Because of where I ended up – it is worth a small shout out to C and C++.

These are systems languages. Systems languages are designed to run “close to the hardware” and are what many operating systems are built with and interoperate very well with.

They are widely supported across different hardware, and pretty much every other language in the world can call libraries created with these since their minimal runtime is generally built into every environment you might run code in (excluding bare metal).

I picked them up because I needed maximum performance for part of a LabVIEW application, so we wrote the processing logic in C and called in from LabVIEW.

A lot of crucial elements overlap with Rust, so why did I skip over these:

  • C is not a particularly expressive language, and I felt like it would get unproductive without built in templating/generics/polymorphism. C++ is better for this.
  • The test library seemed broken again every time I returned to this project. Package management is limited (but improving), and I could see a lot of fighting with tooling.
  • It is very easy to make memory mistakes that cause application crashes. I was happy building small functions in them, but building a complete application without memory issues seemed daunting.


Another language I’ve been using more is Python.

Famously, Python has a huge user base and a wide array of libraries written for it, especially in data analysis.

The tooling is also good, with excellent testing capabilities and a reasonable package manager (with a few quirks!)

However, I found two significant downsides:

  • Python is an interpreted language, which means it has a significant run time and relatively poor performance. Although not as bad as some believe, most heavy lifting is handed off to compiled libraries.
  • I could not get on with the dynamic typing. I completed one web backend in Python and was cursing the typing constantly!

There is a lot of talk about Python in the LabVIEW ecosystem, but I suspect it is overhyped. For me, typing was a big issue that made me very reluctant to build anything significant in it.

Its power is in automation, connecting different libraries quickly and easily. So, in a test environment, it could be great for building individual test steps with a pretty defined scope.

I still use Python for simple automation tasks or interactive data analysis to experiment with different techniques. I know there will be a library somewhere in Python!


Rust has proven to be my way forward for several reasons. I have been working with it for 3-4 years at this point and found:

  • The language and type system to be expressive and powerful (but some find it too complex and explicit).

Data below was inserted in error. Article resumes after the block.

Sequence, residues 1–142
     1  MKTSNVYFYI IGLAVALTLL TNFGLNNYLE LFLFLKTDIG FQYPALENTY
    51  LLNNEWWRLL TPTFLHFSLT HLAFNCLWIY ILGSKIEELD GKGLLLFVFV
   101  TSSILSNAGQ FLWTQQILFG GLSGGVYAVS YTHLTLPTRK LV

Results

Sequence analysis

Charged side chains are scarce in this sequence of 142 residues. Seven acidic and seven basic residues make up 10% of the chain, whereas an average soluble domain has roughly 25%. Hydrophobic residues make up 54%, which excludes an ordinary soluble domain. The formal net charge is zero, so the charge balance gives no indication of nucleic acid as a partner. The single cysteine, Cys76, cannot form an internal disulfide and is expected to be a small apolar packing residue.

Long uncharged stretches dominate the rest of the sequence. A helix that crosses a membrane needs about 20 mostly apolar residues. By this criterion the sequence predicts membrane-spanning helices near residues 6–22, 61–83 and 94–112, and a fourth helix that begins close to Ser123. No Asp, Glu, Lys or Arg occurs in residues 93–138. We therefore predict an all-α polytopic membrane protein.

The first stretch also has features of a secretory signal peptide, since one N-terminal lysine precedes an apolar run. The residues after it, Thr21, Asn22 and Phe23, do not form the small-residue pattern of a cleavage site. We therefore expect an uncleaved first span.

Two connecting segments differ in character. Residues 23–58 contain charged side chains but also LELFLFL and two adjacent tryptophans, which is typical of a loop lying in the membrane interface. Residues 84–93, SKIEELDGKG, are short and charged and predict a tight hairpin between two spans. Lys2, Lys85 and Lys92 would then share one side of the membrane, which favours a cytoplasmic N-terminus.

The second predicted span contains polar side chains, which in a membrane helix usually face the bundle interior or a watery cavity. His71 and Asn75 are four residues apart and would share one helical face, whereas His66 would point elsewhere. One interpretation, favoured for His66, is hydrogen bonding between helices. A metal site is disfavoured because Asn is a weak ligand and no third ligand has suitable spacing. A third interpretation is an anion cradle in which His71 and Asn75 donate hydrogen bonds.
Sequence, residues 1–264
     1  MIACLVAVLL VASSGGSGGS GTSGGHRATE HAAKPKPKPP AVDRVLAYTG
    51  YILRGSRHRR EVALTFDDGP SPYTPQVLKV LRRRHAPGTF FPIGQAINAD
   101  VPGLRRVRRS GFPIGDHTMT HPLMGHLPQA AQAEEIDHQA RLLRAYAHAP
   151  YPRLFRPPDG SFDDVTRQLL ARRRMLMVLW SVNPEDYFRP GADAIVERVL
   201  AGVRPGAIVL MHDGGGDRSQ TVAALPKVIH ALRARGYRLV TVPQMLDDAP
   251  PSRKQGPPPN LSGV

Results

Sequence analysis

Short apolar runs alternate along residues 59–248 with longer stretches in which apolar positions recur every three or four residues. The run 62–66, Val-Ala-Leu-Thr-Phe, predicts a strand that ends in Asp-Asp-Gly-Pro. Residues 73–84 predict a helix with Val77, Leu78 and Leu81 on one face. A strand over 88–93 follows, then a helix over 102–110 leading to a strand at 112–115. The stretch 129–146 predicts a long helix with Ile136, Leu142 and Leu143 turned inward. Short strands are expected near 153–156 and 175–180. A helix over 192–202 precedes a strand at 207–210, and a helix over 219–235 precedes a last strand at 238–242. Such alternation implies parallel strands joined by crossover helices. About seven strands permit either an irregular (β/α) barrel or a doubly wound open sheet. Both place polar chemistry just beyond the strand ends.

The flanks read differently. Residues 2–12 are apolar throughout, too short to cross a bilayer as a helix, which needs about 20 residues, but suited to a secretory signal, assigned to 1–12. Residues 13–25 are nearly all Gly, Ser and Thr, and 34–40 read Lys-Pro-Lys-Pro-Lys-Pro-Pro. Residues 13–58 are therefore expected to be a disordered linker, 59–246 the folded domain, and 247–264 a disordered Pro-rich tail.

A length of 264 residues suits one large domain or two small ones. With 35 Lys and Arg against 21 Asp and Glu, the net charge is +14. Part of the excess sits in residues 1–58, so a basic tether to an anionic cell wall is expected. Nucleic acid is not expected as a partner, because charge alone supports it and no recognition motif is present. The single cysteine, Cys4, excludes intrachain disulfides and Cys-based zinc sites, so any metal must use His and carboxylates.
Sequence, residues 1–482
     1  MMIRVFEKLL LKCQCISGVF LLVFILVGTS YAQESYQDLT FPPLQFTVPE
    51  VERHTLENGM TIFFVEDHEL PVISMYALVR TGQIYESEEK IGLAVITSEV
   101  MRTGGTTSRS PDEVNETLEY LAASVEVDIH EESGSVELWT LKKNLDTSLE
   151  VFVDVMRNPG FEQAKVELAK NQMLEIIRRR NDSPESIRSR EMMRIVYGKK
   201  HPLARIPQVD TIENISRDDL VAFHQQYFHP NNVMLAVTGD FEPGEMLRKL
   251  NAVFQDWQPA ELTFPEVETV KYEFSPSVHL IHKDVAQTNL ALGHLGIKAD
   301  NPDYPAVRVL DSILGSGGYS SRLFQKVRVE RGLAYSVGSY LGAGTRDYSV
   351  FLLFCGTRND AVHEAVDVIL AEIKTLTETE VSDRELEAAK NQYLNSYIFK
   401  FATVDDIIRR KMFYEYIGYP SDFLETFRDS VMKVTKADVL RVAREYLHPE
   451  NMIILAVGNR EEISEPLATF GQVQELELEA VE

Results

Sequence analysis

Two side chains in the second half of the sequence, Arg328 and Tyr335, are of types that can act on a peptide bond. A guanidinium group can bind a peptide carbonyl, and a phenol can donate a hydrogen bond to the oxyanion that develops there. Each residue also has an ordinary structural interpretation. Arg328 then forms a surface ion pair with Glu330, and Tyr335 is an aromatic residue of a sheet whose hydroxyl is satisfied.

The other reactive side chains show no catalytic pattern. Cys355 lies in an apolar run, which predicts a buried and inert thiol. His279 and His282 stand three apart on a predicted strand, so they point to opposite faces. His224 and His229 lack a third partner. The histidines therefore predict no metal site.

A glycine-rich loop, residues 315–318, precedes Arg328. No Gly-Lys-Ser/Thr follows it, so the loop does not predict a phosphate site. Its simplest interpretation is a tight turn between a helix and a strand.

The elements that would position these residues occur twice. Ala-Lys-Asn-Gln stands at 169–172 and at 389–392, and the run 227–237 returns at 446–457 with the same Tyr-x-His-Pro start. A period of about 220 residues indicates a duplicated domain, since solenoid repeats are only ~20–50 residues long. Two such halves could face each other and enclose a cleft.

• The memory safety guarantees resolved my no.1 concern with C++.
  • The tooling ecosystem seems to be second to none. Package management, testing, benchmarking, and documentation are all well-covered and ingrained in the language.
  • It is flexible with deployment. It is a systems language, so I can deploy it to a microcontroller or a large server. I’ve also been experimenting with OpenCL, which still needs small portions in C but allows the use of GPUs, DSPs and other hardware accelerators.

These allow me to offer a better service to my customers by leveraging a range of modern hardware without bumping up against limits. Meanwhile, I still feel as productive as I do in LabVIEW.

There are downsides, of course – Rust does require you to manage your memory, which can be a learning curve and makes applications more complex. But this is necessary for some of the deployment flexibility.

Summary – What Is Right For You?

So what should you do? Well, in many cases, sticking with LabVIEW is a good option if you aren’t feeling the same pain that I am. This article is my story, not a roadmap for everyone.

If you are feeling pain, though, hopefully, the summary above will help signpost you to a language that may fit what you need and start doing some research.

Does it fit my mental model? Do I like the community? Have others managed to solve similar problems in it?

This article should help you to start asking these questions.

Branches are For Robots Too

For a long time I  largely ignored branches in git when working on my own.

Quite frankly, as a solo developer I saw no benefit. I understood gitflow and its brethren but it looked like more work for me and no benefit. (again, as a solo developer, I have recommended it to many teams). I just created feature branches when there was a clear benefit.

Recently though, I’ve been looking to up my automation game. For a while now, I have had all commits to my repo for projects run through tests and builds. But I’ve always had a manual release process which had a number of small steps.

I can automate the release processes but I don’t want it to attempt to release every build. I also wanted a place for checks to take place before the final step.

When looking to automate this I realised the same concepts that apply to a team of people, apply to me and my trusty build server. Hence, my adoption of branching.

My Current Solution

What I do now is (mostly) follow a gitflow pattern. I’ve based it on gitflow because it matches my style of software release. To understand why I have added this caveat, check the notes of reflection on the original article at A successful Git branching model » and consider how simple you can make it (like GitFlow considered harmful | End of Line Blog).

Once I have a release candidate on develop, I create a merge request to my released branch. (I’ve got no use for released branches right now)

This merge request gives my usual build checks and then I have a checklist covering anything manual:

  • Have I updated the user documentation?
  • Have I updated the version numbers in the VIs (soon to be automated)?
  • Have I run a complete system test?
  • Have I tested this with the end user?

Once I approve the merge request, the CI scripts can detect a merge to the released branch and will build and publish the installers. I’ve also got it making the release tag in Gitlab for me.

So remember, robots are team members too!